Snapper: the Gulf War

Katie’s Seafood Market is a corrugated-metal building on the Galveston waterfront with a wooden ship wheel hanging from its ceiling and an 89-pound snapper mounted near the entrance. A small retail area faces the street, but most of the action happens on the dockside, which opens onto a channel leading to the Gulf of Mexico.

It was there, last November, that William “Bubba” Cochrane could be found supervising the unloading of 11,000 pounds of red snapper from his boat the Chelsea Ann. A beefy man with a gray-flecked beard, Cochrane recorded weights on a clipboard as large blue vats filled with fish. Outside, his twelve-year-old son and deckhand, Conner, moved around the boat in orange bib pants. “Kids in school say, ‘I want to be a video-game designer,’ ” Conner said. “I’m the only one who has ever said, ‘I want to be a fisherman.’ ”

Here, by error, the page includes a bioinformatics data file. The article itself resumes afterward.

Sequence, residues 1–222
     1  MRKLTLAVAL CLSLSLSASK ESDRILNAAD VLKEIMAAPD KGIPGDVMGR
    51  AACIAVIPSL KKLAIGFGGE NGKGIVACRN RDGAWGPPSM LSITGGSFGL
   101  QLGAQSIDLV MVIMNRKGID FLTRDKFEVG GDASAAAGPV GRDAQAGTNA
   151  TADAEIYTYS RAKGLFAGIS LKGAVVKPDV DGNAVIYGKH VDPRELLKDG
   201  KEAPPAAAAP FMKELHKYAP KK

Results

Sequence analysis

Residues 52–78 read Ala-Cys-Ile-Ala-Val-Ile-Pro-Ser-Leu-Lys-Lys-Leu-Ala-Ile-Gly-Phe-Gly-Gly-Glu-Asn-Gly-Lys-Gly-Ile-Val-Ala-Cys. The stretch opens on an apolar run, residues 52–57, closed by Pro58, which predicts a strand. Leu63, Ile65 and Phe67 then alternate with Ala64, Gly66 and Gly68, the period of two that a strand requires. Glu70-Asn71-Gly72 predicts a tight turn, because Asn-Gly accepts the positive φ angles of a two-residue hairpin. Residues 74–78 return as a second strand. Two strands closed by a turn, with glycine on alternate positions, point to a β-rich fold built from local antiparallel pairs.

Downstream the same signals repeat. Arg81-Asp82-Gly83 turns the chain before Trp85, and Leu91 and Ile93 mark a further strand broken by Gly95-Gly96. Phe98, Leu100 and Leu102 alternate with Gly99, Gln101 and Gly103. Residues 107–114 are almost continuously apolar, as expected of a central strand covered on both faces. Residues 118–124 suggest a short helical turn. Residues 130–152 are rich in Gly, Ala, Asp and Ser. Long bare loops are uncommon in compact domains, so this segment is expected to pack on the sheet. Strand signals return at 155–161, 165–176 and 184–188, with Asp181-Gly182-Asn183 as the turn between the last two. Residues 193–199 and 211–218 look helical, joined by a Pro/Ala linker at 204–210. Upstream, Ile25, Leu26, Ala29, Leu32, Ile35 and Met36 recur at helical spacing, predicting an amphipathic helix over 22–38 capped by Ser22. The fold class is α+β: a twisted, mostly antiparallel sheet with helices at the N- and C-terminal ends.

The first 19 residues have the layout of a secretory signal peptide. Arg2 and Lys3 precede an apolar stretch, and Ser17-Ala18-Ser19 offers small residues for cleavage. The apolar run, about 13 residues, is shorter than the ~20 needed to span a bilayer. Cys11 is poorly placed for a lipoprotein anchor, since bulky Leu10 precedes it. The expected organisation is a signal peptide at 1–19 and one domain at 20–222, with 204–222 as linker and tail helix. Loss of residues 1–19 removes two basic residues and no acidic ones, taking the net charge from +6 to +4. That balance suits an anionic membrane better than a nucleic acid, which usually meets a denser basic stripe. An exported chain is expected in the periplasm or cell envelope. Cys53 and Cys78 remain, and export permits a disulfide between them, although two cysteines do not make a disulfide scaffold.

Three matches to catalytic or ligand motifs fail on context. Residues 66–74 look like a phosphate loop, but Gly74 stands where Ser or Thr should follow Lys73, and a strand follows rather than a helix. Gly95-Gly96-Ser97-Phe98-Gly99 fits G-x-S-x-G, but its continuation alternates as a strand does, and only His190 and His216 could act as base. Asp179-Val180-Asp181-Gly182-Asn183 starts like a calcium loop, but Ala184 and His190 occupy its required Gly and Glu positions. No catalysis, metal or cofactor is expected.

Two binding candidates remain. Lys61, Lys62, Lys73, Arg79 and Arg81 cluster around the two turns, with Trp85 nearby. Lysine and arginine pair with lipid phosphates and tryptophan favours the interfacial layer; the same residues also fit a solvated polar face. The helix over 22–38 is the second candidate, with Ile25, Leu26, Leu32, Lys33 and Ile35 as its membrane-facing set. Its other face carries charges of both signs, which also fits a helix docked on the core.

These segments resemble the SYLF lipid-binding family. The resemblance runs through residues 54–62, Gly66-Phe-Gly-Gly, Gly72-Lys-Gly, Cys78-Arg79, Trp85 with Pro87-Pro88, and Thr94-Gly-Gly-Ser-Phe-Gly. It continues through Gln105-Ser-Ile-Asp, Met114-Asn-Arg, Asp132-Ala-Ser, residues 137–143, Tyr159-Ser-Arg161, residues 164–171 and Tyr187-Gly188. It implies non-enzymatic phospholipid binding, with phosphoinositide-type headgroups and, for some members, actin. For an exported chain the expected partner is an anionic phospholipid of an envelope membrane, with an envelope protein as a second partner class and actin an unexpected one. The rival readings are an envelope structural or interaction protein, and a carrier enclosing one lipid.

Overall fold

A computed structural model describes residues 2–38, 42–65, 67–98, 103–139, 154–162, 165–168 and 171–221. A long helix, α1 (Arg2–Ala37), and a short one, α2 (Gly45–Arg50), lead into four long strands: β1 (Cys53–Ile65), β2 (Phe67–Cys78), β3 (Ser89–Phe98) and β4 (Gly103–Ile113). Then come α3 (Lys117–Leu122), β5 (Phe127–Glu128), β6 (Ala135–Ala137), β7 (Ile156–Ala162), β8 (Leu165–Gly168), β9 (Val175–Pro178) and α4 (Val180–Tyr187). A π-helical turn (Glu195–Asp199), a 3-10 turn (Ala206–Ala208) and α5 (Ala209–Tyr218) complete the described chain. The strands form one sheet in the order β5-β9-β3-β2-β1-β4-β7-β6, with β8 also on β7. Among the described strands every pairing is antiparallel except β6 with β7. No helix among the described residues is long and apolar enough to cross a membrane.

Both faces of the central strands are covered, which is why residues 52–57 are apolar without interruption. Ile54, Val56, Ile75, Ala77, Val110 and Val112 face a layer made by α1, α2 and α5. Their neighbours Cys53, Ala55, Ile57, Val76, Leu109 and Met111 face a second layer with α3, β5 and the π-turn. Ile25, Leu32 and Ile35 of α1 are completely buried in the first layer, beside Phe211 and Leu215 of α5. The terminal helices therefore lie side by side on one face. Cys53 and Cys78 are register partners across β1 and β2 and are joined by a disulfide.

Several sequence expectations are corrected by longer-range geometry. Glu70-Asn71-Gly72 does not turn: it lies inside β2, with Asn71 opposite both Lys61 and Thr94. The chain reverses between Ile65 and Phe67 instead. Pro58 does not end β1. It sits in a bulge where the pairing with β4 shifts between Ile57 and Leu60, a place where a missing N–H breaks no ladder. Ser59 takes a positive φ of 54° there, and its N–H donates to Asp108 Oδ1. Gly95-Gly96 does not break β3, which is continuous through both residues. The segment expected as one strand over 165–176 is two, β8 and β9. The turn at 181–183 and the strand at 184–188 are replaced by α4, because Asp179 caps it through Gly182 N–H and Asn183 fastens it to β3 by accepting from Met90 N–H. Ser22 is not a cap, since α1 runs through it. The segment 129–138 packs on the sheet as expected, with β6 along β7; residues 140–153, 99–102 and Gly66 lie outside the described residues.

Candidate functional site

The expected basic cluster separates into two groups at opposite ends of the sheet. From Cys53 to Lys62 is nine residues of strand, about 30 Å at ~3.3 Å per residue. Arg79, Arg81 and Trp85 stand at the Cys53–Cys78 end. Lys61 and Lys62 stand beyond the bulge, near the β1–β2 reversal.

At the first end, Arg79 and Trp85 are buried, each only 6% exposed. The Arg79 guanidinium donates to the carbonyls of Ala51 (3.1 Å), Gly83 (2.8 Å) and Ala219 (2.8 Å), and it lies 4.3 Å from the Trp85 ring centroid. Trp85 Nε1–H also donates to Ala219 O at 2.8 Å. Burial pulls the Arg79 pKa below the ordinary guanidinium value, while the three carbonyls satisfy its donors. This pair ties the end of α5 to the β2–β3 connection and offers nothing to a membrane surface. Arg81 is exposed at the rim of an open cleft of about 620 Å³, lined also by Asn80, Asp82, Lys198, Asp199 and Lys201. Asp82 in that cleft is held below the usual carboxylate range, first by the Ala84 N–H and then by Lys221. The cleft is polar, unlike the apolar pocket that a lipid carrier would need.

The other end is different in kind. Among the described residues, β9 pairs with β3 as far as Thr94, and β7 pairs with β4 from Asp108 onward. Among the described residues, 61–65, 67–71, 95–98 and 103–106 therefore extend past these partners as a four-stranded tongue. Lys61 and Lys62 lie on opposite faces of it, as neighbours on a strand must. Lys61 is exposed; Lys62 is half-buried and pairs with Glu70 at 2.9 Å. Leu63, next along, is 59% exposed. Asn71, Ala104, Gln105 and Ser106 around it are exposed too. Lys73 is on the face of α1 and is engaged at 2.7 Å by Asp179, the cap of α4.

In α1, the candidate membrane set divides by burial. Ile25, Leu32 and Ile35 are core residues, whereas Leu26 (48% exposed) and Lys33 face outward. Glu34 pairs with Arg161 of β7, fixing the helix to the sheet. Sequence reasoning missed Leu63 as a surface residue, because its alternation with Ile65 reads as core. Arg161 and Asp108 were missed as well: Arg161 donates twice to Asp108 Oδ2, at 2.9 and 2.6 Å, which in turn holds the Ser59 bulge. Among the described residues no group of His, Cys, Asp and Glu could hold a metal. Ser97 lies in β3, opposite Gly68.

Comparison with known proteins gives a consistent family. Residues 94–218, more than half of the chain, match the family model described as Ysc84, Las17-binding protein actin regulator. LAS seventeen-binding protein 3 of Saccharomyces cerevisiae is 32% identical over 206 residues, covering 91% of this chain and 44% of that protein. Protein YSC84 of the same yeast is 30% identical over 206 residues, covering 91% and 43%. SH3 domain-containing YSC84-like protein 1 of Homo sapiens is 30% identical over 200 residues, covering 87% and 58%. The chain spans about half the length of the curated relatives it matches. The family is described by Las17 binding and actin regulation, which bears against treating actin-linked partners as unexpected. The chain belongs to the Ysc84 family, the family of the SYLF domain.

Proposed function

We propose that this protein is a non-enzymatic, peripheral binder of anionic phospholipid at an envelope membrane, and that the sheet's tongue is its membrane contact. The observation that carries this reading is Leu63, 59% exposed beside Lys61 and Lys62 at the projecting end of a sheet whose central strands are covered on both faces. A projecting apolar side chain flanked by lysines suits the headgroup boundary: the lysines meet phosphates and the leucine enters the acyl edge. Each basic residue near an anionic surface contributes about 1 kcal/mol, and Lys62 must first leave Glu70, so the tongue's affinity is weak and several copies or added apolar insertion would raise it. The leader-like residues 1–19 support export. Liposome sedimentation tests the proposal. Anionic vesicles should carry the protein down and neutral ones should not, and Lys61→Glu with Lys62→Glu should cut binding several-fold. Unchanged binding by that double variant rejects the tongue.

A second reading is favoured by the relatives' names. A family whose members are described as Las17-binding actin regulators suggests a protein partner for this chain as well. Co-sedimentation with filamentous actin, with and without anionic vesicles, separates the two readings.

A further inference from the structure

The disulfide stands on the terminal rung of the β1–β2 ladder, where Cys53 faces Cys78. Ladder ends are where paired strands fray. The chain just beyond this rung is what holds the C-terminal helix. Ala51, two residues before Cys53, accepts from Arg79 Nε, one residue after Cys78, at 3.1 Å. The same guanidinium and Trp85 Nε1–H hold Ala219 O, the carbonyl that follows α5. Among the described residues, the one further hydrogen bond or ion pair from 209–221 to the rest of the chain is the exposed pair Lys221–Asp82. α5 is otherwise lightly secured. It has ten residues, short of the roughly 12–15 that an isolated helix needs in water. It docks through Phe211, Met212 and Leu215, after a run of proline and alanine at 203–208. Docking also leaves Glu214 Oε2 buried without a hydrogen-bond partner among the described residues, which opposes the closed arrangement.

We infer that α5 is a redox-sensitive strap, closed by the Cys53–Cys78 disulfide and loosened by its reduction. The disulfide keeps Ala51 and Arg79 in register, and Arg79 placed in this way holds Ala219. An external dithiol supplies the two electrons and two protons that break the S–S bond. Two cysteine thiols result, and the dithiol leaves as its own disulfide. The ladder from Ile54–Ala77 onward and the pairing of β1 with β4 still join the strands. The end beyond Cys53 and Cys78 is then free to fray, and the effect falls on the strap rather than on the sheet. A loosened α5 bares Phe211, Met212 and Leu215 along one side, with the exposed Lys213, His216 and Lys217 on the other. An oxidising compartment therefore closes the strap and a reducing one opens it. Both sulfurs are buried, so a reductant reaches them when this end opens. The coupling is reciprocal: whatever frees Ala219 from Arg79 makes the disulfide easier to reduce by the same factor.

That would have been a ludicrous ambition a decade ago. When Cochrane started fishing for a living in the early nineties, the Gulf population of red snapper—mild and buttery, easy to catch, with pink-orange scales that stand out on market shelves—had bottomed out following a forty-year decline. Potential egg production, a key measure of population health, had fallen to 2.6 percent of its natural level, one tenth of what scientists consider sustainable.

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About the author

Ashley Herriman

Ashley Herriman is the online editor for National Fisherman.

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